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Oct 13 2011

The Road to Hell and (Sometimes) Back.

Published by at 9:30 am under Knowing Relationships BLOG

 

 

 

By Philip Alan Belove, Ed.D.  All rights reserved
You need to know this, you really do. I see couples all the time who love each other, and yet they do things to each other that hurt each other and tear their relationship apart. And yet, all the while, every step along the way, they feel that they are doing the right thing, and the only sensible thing. The road to hell really is paved with good intentions.

Somehow, if you can step back from what you are doing and see how it works, why your actions are so tempting and justified and why they are also destructive, you can send things in a different direction. This is useful knowledge.

It’s about how people try to make their relationship better and end up only making it worse. It’s about what you can do instead, how you can protect yourself, your partner, and the relationship, as well as protect your honor and your heart. Useful knowledge I think. I’ve explained to so many people that I finally decided to write it out.

It’s my upgrade of an extremely useful tool originally developed by Dr. Rudolph Dreikurs.

Feelings are Information.

“How do you feel about that?” is the same as saying, “What is your emotional relationship to that?”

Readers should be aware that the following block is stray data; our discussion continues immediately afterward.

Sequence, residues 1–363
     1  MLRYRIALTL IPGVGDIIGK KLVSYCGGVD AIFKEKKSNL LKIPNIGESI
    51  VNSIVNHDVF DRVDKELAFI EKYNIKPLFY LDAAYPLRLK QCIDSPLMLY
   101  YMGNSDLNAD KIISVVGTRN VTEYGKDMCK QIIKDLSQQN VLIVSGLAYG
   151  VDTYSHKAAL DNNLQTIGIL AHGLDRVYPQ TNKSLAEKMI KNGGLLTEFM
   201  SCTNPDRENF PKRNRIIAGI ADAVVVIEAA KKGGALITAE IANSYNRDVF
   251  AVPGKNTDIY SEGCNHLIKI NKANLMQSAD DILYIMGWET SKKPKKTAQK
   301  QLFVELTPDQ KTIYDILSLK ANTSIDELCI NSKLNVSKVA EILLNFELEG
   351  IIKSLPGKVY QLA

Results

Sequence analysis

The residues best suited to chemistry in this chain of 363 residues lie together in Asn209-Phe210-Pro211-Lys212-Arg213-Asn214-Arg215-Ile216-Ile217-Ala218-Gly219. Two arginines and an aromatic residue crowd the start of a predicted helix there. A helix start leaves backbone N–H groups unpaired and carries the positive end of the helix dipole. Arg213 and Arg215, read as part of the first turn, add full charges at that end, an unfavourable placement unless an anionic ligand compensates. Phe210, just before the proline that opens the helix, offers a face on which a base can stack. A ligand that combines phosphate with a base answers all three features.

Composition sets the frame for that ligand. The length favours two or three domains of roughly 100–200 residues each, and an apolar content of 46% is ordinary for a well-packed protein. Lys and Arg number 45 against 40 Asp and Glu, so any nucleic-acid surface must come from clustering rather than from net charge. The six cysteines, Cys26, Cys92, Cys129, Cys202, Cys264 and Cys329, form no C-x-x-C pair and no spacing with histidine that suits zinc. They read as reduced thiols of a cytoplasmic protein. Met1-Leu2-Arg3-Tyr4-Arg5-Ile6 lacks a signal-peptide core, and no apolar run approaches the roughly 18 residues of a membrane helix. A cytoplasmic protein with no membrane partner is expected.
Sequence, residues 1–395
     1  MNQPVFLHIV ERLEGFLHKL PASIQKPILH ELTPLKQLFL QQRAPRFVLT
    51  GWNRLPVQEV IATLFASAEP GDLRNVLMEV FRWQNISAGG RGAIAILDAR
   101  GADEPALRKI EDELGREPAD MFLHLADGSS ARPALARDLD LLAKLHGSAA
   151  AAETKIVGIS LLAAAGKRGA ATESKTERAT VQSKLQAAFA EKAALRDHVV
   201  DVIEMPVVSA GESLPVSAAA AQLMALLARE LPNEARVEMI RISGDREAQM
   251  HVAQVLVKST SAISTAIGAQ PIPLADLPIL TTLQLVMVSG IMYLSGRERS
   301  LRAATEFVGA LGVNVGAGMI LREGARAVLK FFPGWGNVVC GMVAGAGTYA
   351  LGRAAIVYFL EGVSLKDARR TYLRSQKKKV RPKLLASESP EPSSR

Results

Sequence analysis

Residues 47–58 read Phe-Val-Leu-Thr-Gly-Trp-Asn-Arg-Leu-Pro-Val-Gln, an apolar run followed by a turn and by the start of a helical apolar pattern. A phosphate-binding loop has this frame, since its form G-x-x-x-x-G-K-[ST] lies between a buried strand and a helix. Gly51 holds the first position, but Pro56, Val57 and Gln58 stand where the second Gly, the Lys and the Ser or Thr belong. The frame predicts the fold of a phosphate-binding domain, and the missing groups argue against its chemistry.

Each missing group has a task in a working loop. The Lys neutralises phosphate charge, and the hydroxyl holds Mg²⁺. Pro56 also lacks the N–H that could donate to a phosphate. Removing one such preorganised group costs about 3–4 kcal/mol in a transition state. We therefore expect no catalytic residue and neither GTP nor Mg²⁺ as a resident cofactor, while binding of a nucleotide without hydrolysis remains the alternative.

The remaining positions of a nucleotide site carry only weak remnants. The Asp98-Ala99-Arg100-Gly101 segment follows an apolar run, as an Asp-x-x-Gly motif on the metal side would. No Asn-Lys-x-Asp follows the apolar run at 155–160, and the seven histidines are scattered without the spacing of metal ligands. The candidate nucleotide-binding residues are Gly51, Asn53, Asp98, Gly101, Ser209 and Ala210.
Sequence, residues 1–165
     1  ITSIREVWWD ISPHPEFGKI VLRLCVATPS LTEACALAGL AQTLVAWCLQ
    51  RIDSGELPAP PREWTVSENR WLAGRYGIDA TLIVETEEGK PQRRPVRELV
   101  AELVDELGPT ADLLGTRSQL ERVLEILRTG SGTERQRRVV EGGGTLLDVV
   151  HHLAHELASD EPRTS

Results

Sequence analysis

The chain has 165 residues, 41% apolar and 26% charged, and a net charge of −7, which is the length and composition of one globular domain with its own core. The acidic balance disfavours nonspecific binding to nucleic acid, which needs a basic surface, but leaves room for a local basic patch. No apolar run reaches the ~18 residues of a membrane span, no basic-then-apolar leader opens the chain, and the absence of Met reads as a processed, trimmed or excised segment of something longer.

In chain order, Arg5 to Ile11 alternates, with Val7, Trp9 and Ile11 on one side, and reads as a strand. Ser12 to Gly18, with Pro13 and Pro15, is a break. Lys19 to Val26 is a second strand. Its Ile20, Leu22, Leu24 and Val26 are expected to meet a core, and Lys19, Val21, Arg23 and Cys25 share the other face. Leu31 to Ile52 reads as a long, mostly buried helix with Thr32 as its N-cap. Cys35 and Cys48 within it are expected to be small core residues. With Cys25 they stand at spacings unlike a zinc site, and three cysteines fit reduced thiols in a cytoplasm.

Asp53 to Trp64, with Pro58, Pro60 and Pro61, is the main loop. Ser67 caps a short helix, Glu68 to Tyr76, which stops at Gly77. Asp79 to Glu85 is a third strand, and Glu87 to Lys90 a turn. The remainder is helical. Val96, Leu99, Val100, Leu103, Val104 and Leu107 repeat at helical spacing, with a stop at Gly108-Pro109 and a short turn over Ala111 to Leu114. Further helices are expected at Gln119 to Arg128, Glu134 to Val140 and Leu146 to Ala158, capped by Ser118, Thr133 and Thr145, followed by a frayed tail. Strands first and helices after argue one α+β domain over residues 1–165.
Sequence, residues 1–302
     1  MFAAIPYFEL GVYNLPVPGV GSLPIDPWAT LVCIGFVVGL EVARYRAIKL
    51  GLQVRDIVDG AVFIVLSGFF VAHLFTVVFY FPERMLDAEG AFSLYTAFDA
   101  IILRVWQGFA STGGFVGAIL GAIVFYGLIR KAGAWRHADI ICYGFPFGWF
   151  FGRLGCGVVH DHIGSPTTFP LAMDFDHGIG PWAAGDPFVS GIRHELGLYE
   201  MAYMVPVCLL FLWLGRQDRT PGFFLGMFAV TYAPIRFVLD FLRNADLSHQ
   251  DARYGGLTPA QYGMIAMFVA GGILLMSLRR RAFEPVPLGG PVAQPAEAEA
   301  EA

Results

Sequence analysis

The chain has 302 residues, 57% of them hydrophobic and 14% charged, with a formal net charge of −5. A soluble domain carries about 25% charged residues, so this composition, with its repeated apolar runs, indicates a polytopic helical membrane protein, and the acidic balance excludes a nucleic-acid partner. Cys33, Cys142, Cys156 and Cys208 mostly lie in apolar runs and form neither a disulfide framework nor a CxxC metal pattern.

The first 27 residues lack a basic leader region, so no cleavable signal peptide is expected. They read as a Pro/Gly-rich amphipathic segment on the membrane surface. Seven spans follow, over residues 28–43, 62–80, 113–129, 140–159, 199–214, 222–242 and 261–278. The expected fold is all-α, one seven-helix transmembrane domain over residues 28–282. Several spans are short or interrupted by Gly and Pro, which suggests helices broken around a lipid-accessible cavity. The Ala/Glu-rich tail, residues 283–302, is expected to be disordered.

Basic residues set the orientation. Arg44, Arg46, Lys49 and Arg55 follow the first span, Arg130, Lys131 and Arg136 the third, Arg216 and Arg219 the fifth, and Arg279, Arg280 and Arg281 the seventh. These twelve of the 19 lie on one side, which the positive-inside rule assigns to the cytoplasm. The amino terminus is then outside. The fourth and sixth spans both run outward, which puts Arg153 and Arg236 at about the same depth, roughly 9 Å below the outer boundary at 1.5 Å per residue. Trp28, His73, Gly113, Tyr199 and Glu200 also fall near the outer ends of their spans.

Not everyone can put that stuff into words. Baby’s establish very complex relationships with the people around them long before they can talk. Dogs establish very complex emotional relationships and never can name them.

You don’t have to be able to name your feelings to get along. However, when a relationship is complex and you have a lot of different feelings and among those feelings are some unpleasant ones, then you want to be able to name your feelings.

Why? If you can name a feeling, then you can make decisions about how you want to handle it. You can be constructive. Or at least no more destructive than you want to be.

This ability to name feelings is something that we develop as we mature. It isn’t something we are born with. We are wired to be far more aware of what’s going with the other person because to a baby, and also to a child, what to expect from an adult is very important information. But if all we can think about is what the other person is doing, then we are only reacting, and that has to change if we want to be able to shape the relationships that matter to us in a healthy way.

What follows is a map, a system, that will help you recognize the early warning signals of how relationships can go from good to bad to worse and, finally, to hell.

General Perspective

A relationship has two sides. If you are emotionally connected to someone in a reasonable healthy way, they are also emotionally connected to you. Being emotionally connected and in sync makes people feel good, at peace, happy, and capable.

The road downward happens in predictable, regular stages. If you know how to identify the characteristic feelings for each stage, then you can tell how bad things are getting to be, and what you can do about it.

Each stage is marked by a more and more extreme form of protest. A protest is a weird statement. It is usually a statement about what you do not want. However, it is also simultaneously a message about what you want instead. It’s a request for change. “Less of this; more of that.”

Protest mount in intensity. Each level of protest is best handled in it’s own special way. You want to be able to recognize the more and more extreme levels of protest.

Here are the levels.

One: Irritation and Annoyance